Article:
Any company worth its salt knows that ethics are the latest consumer
‘want’ and BT is no exception. It is now communicating its caring face
by committing itself to a social audit
When chirpy cockney Bob Hoskins - or his stand-in Rory McGrath - tells
us ‘It’s Good to Talk’ we lend him our ears. Following BT’s ad campaign,
the average person spends 77 seconds a day longer on the phone. And now
it seems BT is after our hearts and minds as well.
Last week BT emerged as the first mainstream UK business to commit
itself to a social audit, which the company claims will give an
independent assessment of how it treats staff, customers and other
‘stakeholder’ groups. How should we receive such news? Is it a genuine
attempt to behave more responsibly or merely a cynical attempt by a
near-monopoly to jump on the ‘ethical’ bandwagon?
Interestingly BT chairman Sir Iain Vallance admitted that the rationale
was ‘not from altruistic motives’ but that it makes ‘sound business
sense’ to improve its reputation in the tough telecoms market.
Director of corporate relations Ian Ash says regular BT customer
research stimulated the move: ‘Previously customers were mainly
concerned with price and delivery, but over the past five years there
has been growing concern about ethics.’ He also says a key factor was
the ‘stakeholder’ theory expounded by the book Tomorrow’s Company.
Could BT really be the first large company to follow the example of The
Body Shop and the Co-Op in making ethics a central business tenet?
Roger Cowe, business journalist on the Guardian with a special interest
in ethical and social issues, believes the initiative is more than just
window dressing. ‘It’s the culmination of a process that goes back to
privatisation, looking at reputation and particularly customer service.
This is a formalisation of Vallance’s argument that in a commodity
business the only way to improve sales is by reputation,’ he says.
He adds: ‘One is right to be cynical but the proof of the pudding is an
independent report and this is what BT’s offering. Other companies are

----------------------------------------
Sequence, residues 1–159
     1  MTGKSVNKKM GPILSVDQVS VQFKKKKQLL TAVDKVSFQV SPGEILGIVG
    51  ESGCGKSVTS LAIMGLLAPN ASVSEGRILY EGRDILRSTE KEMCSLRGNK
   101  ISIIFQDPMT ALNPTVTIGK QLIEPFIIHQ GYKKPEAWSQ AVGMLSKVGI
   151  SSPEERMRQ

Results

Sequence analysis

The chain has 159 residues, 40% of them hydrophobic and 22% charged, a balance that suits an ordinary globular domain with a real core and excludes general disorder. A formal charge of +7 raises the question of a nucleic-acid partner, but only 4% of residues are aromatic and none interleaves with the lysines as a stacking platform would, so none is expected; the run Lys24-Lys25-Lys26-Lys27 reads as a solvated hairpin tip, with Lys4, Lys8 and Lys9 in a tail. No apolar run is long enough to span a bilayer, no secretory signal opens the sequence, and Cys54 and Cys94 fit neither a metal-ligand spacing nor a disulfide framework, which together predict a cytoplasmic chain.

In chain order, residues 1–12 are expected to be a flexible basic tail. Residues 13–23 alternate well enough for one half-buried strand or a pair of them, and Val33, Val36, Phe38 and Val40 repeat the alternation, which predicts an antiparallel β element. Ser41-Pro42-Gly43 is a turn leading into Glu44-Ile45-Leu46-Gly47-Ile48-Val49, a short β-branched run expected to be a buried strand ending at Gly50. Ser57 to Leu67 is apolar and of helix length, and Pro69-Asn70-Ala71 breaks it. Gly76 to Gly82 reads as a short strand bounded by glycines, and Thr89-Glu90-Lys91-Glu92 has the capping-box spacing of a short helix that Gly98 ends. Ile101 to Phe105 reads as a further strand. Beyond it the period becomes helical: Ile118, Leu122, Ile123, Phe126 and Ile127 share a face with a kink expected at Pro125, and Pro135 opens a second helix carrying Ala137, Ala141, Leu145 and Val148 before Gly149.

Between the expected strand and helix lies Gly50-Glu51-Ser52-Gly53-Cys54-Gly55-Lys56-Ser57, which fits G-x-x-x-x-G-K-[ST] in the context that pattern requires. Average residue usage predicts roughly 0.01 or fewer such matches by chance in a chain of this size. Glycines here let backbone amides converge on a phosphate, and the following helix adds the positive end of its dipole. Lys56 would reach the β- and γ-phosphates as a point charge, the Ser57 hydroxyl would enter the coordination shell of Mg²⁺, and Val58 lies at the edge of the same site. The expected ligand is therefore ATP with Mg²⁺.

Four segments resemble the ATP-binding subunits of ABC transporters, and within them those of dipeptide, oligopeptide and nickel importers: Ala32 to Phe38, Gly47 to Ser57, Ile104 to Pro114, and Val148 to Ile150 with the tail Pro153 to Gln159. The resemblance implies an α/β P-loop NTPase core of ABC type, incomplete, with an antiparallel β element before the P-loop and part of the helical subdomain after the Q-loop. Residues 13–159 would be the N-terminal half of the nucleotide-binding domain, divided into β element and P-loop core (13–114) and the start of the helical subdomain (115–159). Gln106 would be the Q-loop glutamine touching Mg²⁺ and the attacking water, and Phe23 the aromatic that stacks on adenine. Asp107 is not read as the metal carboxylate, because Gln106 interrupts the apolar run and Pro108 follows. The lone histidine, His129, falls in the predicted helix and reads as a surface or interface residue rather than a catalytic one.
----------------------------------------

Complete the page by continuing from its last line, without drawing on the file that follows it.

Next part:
likely to follow suit.’
There is certainly evidence that BT has undergone a significant
transformation in becoming more customer-facing. A decade ago, after
privatisation, it was associated with broken telephone boxes and poor
service. But in November this year BT took home the Grand Prix at the
IPA Advertising Effectiveness Awards for its ‘Good to Talk’ campaign.
And last week emerged as the UK’s strongest brand in Marketing’s brand
As for community relations, Ash says BT ‘puts back’ pounds 50 million
through Business in the Community, as well as charity projects including
Childline and the Samaritans.
He also refers to its ‘good shape’ on environment issues: ‘For the past
two years our environmental report has been audited externally. We’ve
found this empowering as people award it more attention and credibility.
This is one of the reasons we’re now considering extending this work to
broader social responsibility.’
Sally Costerton, managing director of the Abacus agency, is more
sceptical: ‘I’m right behind them in principle. A good reputation is a
strong asset, but what does it actually do for me, the consumer?’
Costerton believes Sir Iain Vallance’s statements are fine for a
sophisticated marketing audience but the relationship with customers is
more basic: ‘He may be going too far in admitting there is no sense of
altruism. BT still has the problem of consumers asking what happens to
its huge profits as a near-monopoly.’
Indeed one could ask why a company with 90 per cent of domestic users
connected to its services even need worry about its reputation. Has the
customer any real choice?
But Ash prefers the term market leader to monopoly: ‘Two thirds of
people now have alternatives,’ he says, ‘And even if we aren’t losing
market share, the regulator will ensure we do, so we need to grow the
market in new areas.’
But wouldn’t the proposed merger with MCI strengthen its position
further? ‘If we’re going into new markets, our reputation becomes even
more important and our set of values needs to be right from the long
term point of view,’ Ash replies.
He says it is early days and the extent of the work means an audited
social statement is unlikely to be produced until at least 1998.
Meanwhile BT will concentrate on existing policies, involving the whole
company and with ‘more focus’.
Adrian Hodges, head of corporate communications at The Body Shop
declined to comment on BT specifically but fails to agree with the
implications behind Sir Iain Vallance’s statement: that altruism, and
success through reputation, are mutually exclusive. Hodges says: ‘It’s
exciting that more and more businesses are undertaking social and
ethical audits, but we see them as an intrinsic part of running our
business well, not as a marketing policy.’ He adds: ‘It needs willpower
and dedication to follow through the findings of the audit.’
The PR industry may welcome the social audit as an admirable and
inspired move by the telecoms giant, but can BT now put its money where
its mouthpiece is?
Ringing the changes for BT’s PR
1984 Reorganises following privatisation
1991 Spends a reported pounds 50 million on a new corporate identity
1992 Launches Putting Customers on the Agenda - a book about its face-to
face customer communication strategy
1993 Group managing director, Michael Hepher affirms strategic
commitment to public relations at board level in PR Week
1994 Appoints Burson-Marsteller to back its ‘It’s good to talk’ campaign
1995 Lobbying to free up telecoms market throughout EU finally pays off
1996 Announces total ethical audit